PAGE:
Events: Planning

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Jo Cunningham: Think about the kind of event it’s going to be. Are we going to employ a freelancer to help us run the event? Or is it something we can do from our own resources? So we would think about that. We would think about what the budget would be, what the materials might be that we need, and then we would have start thinking about promoting it to the right people.
Jenny Beale: For every exhibition we have an interpretation plan and an audience plan so we’re thinking about which audiences will engage in different ways, so we might organise tours and talks for adult audiences, and then for family groups it might be more artist-led workshops. So this time with it being such a focussed group it’s trying to build those relationships with those audiences that perhaps weren’t quite as strong as they could have been beforehand. So that presents challenges with timescales because obviously when you’re working with new groups you’re wanting to build up those relationships over time and with an exhibition run you only have two to three months to do that.
Doris Pearce: I try to pencil out my events up to a year in advance so that you’ve got time to remember things you’ve forgotten and for big scale events you I’d probably start trying to pin things down six months in advance so you’ve got time to invite people, have them reject your invitation, invite the second rain of people and get them to say yes. You’ve got time to generate copy, you’ve got time to talk to the curators. I mean, I think what’s really important about the adult programmes and the learning programmes in general is that we’ve got the support of the institution behind us. We don’t want to do anything that would antagonise any of the curators or the front of house staff. We want it to be positive for the whole gallery. So, giving yourself a good six months is a really good idea. Obviously is doesn’t always work like that. But yeah, we do six months in advance so you’ve got enough time to invite people, think about the balance of the night – so you want some talk, you want some music, and you want a bit of engagement as well.
Rachel Moss: So, for example, we’re doing a dance project in the summer and I’ve been talking to, for example the curator of the room, also I’ve been talking to visitor services, I’ve been talking to conservation, around if we’ve got people dancing in there in terms of how that will work. So, there’s lots of people to talk to in terms of particular spaces in the gallery. But for me it’s about starting with the artwork itself and being involved earlier in conversations around display is always really helpful.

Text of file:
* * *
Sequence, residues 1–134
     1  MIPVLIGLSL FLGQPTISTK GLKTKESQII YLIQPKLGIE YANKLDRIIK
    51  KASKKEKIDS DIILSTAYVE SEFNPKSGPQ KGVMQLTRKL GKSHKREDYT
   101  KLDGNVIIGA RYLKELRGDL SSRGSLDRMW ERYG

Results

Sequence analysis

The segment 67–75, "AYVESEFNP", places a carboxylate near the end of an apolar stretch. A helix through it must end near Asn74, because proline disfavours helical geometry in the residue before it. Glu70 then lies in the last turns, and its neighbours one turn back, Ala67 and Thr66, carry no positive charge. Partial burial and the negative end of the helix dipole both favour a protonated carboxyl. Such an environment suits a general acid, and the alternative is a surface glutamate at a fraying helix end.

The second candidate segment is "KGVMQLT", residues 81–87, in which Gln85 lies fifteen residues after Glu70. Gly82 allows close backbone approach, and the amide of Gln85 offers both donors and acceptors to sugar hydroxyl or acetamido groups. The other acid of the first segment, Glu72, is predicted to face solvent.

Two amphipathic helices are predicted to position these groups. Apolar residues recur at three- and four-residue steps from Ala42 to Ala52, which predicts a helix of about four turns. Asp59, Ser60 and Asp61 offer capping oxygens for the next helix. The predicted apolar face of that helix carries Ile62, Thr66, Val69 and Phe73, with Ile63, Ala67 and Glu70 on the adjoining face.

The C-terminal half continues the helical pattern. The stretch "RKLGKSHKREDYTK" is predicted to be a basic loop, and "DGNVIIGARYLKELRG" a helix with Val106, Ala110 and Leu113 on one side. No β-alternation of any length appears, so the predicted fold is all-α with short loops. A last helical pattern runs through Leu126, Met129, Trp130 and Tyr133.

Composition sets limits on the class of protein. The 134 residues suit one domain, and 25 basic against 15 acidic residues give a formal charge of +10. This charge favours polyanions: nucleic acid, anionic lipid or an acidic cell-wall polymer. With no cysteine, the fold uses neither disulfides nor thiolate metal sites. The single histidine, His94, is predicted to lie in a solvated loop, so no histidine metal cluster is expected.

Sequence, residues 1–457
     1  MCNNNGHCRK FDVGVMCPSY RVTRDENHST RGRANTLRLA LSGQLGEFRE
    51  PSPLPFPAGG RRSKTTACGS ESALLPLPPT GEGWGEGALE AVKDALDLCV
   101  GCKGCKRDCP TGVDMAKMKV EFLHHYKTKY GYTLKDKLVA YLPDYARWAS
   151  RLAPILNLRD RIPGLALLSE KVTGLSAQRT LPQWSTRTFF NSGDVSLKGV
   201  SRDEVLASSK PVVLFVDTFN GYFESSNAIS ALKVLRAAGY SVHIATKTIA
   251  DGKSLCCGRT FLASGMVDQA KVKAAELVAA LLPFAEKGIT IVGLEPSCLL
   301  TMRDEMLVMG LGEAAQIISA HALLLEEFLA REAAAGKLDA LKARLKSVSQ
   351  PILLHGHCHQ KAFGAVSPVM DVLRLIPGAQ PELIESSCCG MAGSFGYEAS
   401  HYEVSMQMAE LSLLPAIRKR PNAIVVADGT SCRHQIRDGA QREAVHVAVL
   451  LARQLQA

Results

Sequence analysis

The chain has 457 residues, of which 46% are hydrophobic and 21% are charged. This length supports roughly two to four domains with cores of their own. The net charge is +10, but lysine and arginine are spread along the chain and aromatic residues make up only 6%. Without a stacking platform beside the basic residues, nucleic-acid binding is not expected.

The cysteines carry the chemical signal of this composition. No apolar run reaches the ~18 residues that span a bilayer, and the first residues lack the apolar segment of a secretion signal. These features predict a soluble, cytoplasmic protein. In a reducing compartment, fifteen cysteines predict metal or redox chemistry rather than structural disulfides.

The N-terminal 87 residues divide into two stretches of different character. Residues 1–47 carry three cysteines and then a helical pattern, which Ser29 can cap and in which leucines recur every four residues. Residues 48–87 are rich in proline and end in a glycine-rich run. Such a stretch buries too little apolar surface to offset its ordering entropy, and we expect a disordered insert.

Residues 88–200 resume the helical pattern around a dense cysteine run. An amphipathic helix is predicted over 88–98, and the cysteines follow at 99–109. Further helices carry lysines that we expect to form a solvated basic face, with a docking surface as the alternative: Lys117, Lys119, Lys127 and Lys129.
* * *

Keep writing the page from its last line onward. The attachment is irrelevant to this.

Doris Pearce: We are the National Portrait Gallery so I feel we have to respond to the breadth of the nation, if you like. So, I’ll look at a drop in, short events where you don’t have to invest a lot of time or energy into accessing it, to more academic lectures and I work with curators and other external parties to put on three day conferences, so, we’re looking at pleasing the whole of the audience with a whole range of events.
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Organising is what you do before you do something, so that when you do it, it is not all mixed up.

A.A. Milne, Author

Organising an event requires creativity and audience specialism. You need to understand your audience. You need to know what they like, what they do in their free time, what they’re interested in. You need to work as part of a team, organising events that respond to exhibitions and the collection and offer different audiences exciting, interesting and engaging ways to participate. The gallery space is like a classroom with paintings and objects all around you to inspire you. What event would you organise to animate them and make them come alive?

What do you want to achieve?

  • What is your key objective?
  • What is the exhibition about that you’re planning an event for?
  • Who will manage the budget?
  • Who will write an event schedule?
  • How many people do you want to attract?
  • How will you ensure effective communication between you, the performers and the venue?
  • How will you ensure deadlines are met?
  • Think about what might possibly go wrong and how you will manage it?

Who do you want the event to appeal to?

  • Who is your target audience?
  • How could you find out what they would be interested in?

Who will you work with to ensure the event is successful?

  • How will you organise the logistics of the event if you need seating, sound or lighting?
  • How will you look after the performers? How will you ensure they have rehearsed and know the space?
  • Will you charge for entry? How will you monitor ticket sales?
  • Who do you need to speak to, to ensure the exhibition space is safe during the performance?

How will you know if your event has been a success?

  • How will you get audience feedback?
  • How will you document the event to provide content for the event report?